Even though we’re entering year three of the pandemic, not everyone has bounced back. While some families were able to make it through the worst of it, others are still struggling with finding a new job. Managing money, even with two incomes, can be a slippery slope. But when your household income is cut in half, trying to cover your monthly expenses without going into the negative might seem impossible. The thing is, some people are now choosing to live on only one income and bank the second one, just in case things take a turn for the worst. If you’ve been considering living on one income, here’s what you need to know.
Assess The Risks and Benefits
Before you decide to downsize your income, you need to understand the benefits, in addition to the possible risks. Being to save one income while living on the other offers a slew of benefits. You can build up your savings, pay off debt, and give you financial freedom we all crave. However, there are potential risks associated with living on only one income. If you’re accustomed to a certain lifestyle, you might have to change how you live your day life. Reducing your disposable income usually means cutting out the extras, like eating out or unplanned purchases.
You might also find you don’t have enough to cover your monthly expenses. If your paycheck is used to pay down student loans, not having that extra cash can cause a negative effect. You might also realize that your monthly payment and interest rates are too high to afford comfortably. If this is the case, you either need to dip into the second income or find another solution. One option would be refinancing your student loans. In most cases, you can roll over your balance into a new one with better repayment options and lower interest as well.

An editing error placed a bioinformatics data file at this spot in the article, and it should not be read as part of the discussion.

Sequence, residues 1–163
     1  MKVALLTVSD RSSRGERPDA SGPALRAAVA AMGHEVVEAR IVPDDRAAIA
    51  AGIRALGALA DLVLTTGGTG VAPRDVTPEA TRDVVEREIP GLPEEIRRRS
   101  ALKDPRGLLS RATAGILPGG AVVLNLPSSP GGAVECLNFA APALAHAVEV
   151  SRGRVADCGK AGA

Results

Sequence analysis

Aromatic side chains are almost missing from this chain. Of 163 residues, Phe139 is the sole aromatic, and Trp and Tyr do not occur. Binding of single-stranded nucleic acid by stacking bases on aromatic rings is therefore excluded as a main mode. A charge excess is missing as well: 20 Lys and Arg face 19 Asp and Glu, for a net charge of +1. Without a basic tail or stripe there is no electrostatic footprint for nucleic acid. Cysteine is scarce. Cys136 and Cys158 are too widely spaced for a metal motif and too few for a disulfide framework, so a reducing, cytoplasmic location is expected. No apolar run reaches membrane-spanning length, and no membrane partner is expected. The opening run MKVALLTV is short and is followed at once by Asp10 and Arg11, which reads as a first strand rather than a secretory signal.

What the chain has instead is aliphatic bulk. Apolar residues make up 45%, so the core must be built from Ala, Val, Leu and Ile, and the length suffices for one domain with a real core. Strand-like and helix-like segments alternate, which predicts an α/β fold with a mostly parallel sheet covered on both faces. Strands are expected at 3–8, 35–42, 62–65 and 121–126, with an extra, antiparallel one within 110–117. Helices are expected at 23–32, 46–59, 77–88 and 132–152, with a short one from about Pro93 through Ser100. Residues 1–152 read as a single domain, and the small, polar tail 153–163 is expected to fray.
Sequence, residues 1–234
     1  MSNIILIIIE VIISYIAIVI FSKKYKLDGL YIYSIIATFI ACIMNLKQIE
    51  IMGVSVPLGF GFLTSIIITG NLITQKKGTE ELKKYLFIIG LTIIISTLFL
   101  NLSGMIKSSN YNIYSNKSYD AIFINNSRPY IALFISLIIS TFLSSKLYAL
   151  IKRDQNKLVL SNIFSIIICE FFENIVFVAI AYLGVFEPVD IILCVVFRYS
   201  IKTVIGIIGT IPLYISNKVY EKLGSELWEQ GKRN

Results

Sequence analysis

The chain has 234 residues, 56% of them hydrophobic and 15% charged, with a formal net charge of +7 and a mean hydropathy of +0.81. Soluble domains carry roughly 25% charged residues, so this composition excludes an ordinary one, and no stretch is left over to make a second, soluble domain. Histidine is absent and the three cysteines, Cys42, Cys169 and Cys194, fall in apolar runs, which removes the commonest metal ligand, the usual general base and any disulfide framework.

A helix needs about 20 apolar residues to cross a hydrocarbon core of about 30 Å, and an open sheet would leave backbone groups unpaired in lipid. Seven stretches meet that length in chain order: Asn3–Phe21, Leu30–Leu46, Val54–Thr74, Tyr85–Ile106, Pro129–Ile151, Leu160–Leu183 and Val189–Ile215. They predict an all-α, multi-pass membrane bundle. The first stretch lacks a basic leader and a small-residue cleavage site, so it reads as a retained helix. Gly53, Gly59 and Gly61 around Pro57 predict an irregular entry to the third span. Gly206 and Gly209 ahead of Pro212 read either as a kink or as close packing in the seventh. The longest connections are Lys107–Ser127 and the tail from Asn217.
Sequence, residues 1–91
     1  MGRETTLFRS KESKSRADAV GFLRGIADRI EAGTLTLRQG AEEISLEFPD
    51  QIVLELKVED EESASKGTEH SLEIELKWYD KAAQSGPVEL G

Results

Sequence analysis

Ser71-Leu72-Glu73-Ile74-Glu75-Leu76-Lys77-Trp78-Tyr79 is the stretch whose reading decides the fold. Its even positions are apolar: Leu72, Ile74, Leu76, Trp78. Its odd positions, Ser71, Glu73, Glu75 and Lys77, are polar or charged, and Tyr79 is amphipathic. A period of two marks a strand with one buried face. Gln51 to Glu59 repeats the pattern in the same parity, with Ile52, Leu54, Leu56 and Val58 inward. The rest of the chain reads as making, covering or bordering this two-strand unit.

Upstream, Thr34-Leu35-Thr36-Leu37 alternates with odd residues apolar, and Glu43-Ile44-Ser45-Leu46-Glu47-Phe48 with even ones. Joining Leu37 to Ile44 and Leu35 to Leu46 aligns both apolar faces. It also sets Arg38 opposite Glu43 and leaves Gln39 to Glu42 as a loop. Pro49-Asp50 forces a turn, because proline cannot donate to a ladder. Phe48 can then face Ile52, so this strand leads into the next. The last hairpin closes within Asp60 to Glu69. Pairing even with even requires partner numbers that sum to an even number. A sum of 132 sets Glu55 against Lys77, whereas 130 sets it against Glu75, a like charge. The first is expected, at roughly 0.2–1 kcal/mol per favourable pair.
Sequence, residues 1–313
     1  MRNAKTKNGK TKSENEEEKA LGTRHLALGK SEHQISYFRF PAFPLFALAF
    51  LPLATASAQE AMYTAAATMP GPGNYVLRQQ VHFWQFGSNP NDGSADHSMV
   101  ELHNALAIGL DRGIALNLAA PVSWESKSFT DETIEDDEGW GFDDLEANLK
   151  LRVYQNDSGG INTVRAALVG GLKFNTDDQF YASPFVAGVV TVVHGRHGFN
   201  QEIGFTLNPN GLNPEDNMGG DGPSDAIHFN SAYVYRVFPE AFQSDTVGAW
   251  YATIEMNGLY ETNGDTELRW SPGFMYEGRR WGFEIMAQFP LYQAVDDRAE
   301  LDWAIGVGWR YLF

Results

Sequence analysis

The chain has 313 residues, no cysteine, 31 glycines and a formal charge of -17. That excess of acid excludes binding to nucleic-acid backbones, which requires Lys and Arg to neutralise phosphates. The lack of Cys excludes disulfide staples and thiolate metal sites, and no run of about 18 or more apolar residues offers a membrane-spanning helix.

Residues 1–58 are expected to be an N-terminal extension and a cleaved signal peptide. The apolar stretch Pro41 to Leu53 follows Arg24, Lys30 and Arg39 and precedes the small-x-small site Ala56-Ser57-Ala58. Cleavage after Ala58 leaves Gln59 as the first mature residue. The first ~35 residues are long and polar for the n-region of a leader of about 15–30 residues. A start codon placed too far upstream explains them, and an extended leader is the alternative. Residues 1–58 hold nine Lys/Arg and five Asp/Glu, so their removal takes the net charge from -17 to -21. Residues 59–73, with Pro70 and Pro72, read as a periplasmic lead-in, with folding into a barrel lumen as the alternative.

Make Small Changes
It’s also a good idea to start off slow. For the first few months, only save 50 percent of your income. In this way, you’ll be able to gauge whether it’s even possible to live without your pay. Once you get a feel for living on less, then you can slowly increase how you save. Also think about joint vs separate accounts and how that will factor into your overall one income strategy.
Get Excited About Saving
You also need to be excited about saving. If you’re only doing it because you think it’s a good idea, it might not work. Think about why you want to save and how your life will be once you reach your goals.
Live Under Your Means
If you decide to give this saving method a try, you need to live beneath your means as a general practice. This may include cutting out a lot of extras, like unplanned purchases, spontaneous trips and coffee runs. If you rent or mortgage is high, you may need to move if you can’t work it into your budget. Alternatively, you can work housing into your new saving plan and just save the remaining amount.